So it had been on my mind to go back and feature Samo’s here, and when a friend wanted to meet for lunch in the Pomona area, I suggested Samo’s.

He was still parked in his vehicle when I pulled up. “Is this really where you want to eat?” he asked skeptically, giving me a chance to back out. I affirmed that it was. As I reminded him, I’d described it to him as “a beat-up burger joint,” so I hope he wasn’t under any illusions of white tablecloths.

The menu is broad, as it is in most Greek-owned burger emporiums, with Mexican food, a few random sandwiches and a couple of dinner plates. I got the burger combo with fries and soda ($4.90 with tax); he got a carne asada burrito (price unnoted). We sat in the lonely dining room with its yellow and blue-cushioned molded plastic booths.

The burger was a typical thin fast-food patty, but the bun was broad; the sandwich was dressed with tomato, lettuce, onion and thousand island. They were generous with the fries too. It was a filling meal and I ate only half the fries. My friend’s burrito fell apart — he’d opened the wrapper upside down and the burrito never recovered — but he used a fork and said it was pretty good, loaded with meat and beans.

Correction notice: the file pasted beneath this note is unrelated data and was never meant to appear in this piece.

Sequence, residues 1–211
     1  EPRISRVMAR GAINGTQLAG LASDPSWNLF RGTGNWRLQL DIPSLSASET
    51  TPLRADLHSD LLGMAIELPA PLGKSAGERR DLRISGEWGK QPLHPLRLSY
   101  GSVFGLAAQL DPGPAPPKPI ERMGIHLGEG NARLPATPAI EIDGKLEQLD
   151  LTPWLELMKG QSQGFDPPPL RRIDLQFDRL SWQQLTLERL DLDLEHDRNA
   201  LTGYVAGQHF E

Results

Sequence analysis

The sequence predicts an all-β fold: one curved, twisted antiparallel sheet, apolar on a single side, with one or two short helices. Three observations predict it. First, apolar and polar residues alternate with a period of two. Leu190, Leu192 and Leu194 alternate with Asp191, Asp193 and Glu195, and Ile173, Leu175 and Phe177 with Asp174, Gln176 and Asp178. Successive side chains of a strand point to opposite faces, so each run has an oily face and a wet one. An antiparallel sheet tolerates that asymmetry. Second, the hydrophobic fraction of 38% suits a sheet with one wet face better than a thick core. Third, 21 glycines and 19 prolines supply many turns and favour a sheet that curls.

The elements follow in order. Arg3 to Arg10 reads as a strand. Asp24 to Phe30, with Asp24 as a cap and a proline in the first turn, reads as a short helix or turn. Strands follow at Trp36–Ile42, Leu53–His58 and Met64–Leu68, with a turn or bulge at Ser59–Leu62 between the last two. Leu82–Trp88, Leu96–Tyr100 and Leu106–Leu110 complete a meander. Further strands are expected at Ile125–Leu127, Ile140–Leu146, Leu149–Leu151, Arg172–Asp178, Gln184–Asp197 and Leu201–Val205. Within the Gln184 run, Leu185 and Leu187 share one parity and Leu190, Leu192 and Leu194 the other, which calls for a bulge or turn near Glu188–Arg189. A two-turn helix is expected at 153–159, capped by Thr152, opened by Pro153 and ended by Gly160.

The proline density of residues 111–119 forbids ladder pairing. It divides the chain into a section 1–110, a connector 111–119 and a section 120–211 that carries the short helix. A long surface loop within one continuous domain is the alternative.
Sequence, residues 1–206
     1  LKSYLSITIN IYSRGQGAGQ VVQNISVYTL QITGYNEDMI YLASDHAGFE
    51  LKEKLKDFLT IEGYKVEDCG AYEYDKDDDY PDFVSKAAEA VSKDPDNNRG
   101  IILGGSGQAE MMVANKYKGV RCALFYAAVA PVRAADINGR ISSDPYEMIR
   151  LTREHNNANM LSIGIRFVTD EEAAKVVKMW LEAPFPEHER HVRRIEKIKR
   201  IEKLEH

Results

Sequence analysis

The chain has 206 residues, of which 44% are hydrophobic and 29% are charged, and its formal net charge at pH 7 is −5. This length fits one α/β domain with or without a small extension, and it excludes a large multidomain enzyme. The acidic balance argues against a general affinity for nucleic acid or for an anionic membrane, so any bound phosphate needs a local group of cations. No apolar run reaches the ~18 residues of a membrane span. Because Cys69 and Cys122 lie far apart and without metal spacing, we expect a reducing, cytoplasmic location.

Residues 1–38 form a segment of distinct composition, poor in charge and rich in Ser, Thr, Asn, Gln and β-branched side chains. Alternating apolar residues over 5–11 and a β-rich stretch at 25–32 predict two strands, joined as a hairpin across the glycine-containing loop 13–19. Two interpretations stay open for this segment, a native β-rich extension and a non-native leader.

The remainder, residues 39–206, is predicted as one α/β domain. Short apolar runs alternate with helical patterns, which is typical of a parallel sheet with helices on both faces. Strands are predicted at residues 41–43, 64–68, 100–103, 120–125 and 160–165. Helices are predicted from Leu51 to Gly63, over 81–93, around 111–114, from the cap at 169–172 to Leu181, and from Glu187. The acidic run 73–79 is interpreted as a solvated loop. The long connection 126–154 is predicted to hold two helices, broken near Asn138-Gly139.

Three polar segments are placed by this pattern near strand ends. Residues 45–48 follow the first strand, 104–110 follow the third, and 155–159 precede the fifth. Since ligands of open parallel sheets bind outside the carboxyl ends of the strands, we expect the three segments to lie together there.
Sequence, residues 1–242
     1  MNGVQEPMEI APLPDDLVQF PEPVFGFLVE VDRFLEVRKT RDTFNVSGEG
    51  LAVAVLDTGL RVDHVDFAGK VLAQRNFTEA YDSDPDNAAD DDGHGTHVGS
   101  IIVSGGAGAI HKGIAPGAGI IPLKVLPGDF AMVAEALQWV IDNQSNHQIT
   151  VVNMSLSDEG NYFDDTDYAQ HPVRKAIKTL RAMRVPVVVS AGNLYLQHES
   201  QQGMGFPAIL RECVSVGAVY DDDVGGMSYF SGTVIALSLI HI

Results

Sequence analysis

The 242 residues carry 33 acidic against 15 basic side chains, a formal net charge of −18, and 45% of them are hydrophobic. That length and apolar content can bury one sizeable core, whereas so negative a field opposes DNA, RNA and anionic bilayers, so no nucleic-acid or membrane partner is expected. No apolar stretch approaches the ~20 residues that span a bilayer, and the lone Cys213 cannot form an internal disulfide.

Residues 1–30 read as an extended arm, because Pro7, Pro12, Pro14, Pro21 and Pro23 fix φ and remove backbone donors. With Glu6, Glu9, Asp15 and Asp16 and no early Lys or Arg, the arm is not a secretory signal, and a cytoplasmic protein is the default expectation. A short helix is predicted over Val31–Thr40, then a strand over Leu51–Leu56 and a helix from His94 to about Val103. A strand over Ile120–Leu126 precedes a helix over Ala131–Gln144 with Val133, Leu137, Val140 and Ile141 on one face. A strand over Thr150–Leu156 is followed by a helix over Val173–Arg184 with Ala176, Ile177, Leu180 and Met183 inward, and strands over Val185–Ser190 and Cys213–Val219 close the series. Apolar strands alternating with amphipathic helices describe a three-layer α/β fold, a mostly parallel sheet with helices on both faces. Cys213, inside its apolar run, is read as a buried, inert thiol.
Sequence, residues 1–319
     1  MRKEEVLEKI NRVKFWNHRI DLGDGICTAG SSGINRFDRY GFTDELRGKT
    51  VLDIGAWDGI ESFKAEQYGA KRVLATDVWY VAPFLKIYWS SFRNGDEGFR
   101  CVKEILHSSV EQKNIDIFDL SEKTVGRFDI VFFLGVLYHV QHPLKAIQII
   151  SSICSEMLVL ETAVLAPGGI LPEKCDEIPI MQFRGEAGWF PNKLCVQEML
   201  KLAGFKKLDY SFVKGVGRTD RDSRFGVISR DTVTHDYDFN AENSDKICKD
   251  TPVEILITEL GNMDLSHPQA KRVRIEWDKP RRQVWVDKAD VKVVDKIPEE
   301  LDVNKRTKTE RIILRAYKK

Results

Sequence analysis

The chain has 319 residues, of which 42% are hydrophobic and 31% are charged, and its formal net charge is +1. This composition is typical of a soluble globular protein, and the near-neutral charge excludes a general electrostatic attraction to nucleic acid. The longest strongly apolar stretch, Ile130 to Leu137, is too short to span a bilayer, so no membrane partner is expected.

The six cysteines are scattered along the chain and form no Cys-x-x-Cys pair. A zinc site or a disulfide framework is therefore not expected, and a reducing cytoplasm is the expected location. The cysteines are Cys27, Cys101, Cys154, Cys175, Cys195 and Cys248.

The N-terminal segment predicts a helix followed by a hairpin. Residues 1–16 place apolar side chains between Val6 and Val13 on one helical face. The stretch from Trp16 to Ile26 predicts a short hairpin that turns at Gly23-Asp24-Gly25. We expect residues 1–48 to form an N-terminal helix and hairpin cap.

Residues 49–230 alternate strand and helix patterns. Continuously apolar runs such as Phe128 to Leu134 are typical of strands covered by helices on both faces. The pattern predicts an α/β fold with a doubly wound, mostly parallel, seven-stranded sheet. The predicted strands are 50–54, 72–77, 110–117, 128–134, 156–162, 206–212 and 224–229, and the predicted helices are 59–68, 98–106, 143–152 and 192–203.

Our only problem was that Samo’s has no air conditioning, or no working a/c at least. It was 95 degrees outside and maybe 105 inside. We hung out a while until the sauna conditions proved too much. I don’t envy the staff in the kitchen.

At least one commenter on Yelp says Samo’s has been there under the same owner for 30 years. Burger Chef faded out in the early 1980s after Hardee’s bought the chain. It’s likely that it’s been Samo’s longer than it was Burger Chef, maybe twice as long by this point. I can’t really sell you on Samo’s, and it may be years before I return, but as a Burger Chef fan, I liked being inside one again.

samos4

samos5

Facebook Twitter Pinterest Plusone Linkedin Digg Reddit Stumbleupon Tumblr Email

‘A to Z’ from ONT

kenmcneil

Ken McNeil, formerly of San Antonio Heights, is spotted on a plane back to Reno reading his newly purchased copy of “Pomona A to Z.” Do you have yours?

(“Spotted” is a joke: His wife, Pam, took the photo at my request. They’d each visited our newsroom and, get this, they each bought their own copy of my book. They didn’t want to have to share. If all couples took this approach, I could almost double my sales.)

Facebook Twitter Pinterest Plusone Linkedin Digg Reddit Stumbleupon Tumblr Email